- Inappropriate or outdated valuation methodology. How will you value the business? How often will you revalue the business? How often will you re-examine the valuation methodology to ensure it is still relevant, given other changes that may have taken place in the business or in the existing laws?
- Unclear transfer considerations/qualifications: Who will be allowed to acquire the deceased partner’s business assets? You may not want to have unqualified or uninterested relatives of the deceased partner involved in the business or demanding an immediate sale of the deceased partner’s interest.
- Conflicts between buy-sell agreement, company legal structure, and estate plans/trusts of partners: Each partner needs to have an estate plan that is consistent with the desires and goals expressed in the buy-sell agreement—and vice versa. In addition, the company’s legal structure must be aligned with the stated outcomes of each.
What Do I Need, Then?
Each of the above can be remedied by relying on experts with the knowledge and qualifications in each of the requisite areas. Unless you have the specific expertise to develop a buy-sell agreement that ensures the above goals are met and risk areas addressed, you want to assemble a team of subject matter experts to support the development of your buy-sell agreement. You want them to support you in addressing the following:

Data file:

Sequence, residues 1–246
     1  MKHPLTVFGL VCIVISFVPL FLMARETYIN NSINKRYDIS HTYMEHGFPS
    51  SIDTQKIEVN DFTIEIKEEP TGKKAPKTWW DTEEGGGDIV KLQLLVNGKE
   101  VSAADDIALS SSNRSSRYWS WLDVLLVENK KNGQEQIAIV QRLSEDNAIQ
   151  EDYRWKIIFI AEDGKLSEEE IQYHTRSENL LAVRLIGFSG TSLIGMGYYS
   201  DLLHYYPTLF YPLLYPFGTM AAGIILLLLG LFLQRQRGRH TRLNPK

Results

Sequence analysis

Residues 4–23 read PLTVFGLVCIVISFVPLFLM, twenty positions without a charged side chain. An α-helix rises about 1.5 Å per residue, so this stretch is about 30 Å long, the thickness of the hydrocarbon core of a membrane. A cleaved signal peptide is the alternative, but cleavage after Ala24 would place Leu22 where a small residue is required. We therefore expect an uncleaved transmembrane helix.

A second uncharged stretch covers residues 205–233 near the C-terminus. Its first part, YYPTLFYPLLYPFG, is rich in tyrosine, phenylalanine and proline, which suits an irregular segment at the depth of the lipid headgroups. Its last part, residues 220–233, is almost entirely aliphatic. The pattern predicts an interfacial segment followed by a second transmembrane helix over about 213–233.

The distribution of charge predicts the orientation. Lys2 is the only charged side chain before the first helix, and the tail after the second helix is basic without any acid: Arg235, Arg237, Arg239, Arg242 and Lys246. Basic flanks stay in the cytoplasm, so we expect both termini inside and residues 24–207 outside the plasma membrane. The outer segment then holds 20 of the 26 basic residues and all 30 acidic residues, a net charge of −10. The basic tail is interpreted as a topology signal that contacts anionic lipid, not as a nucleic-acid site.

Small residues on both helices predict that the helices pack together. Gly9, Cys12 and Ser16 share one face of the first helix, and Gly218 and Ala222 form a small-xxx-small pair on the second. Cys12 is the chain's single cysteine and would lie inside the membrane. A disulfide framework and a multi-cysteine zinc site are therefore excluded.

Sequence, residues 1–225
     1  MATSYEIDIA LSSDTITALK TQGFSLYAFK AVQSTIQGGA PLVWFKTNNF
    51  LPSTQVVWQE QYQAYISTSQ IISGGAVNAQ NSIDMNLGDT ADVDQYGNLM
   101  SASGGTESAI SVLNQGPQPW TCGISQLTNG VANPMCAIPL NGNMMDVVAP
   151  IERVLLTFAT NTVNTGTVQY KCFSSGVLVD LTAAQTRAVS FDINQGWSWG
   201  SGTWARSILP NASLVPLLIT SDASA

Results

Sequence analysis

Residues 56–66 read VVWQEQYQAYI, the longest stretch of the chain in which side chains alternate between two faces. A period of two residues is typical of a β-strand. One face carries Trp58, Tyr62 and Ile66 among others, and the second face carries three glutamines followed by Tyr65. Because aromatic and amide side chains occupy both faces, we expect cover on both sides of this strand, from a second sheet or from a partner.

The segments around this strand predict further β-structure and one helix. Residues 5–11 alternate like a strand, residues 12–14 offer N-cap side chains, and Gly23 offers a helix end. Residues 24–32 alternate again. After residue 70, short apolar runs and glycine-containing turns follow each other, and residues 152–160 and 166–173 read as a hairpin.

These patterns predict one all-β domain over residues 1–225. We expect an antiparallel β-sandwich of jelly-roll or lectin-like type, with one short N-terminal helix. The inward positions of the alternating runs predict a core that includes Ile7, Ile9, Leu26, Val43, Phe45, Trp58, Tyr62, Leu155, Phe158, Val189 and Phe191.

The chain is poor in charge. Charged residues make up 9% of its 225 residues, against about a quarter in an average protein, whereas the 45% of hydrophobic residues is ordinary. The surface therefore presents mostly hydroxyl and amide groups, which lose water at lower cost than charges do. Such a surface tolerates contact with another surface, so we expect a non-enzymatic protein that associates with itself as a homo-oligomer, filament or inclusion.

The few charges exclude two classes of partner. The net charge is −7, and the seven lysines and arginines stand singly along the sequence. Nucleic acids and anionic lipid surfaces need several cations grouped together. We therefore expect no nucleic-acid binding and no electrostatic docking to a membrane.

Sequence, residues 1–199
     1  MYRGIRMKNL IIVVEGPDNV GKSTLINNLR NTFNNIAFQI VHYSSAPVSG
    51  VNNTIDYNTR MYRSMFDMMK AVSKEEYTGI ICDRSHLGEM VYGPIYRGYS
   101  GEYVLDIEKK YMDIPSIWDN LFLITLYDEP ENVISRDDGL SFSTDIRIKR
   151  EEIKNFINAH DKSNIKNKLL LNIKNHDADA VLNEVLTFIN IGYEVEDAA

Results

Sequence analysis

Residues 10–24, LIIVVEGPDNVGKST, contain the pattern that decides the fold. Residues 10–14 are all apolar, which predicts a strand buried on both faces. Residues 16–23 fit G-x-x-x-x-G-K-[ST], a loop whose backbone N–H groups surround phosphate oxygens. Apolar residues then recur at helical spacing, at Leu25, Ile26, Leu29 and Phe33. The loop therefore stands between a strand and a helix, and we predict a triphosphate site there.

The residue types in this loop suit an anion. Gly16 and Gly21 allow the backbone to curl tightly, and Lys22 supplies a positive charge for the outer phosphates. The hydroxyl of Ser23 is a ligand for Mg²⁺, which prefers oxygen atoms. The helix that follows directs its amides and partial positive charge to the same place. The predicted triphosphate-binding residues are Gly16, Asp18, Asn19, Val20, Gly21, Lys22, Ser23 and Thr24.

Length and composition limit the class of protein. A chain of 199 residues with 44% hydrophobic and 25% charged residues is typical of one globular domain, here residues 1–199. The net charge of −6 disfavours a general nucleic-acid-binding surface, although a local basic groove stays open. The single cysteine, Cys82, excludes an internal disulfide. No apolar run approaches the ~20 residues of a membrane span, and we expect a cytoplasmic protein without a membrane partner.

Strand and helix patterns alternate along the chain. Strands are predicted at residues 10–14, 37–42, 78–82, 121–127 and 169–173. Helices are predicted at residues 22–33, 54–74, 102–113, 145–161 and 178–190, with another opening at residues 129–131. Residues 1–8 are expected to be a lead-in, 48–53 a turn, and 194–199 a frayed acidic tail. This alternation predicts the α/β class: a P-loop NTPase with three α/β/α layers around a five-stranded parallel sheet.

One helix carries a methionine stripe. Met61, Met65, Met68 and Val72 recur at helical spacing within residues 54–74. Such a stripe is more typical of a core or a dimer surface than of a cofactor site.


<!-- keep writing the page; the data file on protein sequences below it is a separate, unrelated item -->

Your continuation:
- What are the business considerations, choices, and decisions you and your partners will make? There are many choices to be made in developing a comprehensive buy-sell agreement, and you would want guidance as to the ones to consider.
- What are the possible triggering events and how will you handle unanticipated triggering events?
- Which is the best valuation methodology for your business? Are there industry standards or accepted valuation methodologies? How often will you schedule a periodic review of both the value and the valuation methodology?
- What are your options for funding the agreement upon a triggering event? A common approach is to have a company-funded life insurance policy for each of the partners that provides the funds for buying that partner’s interest upon their death.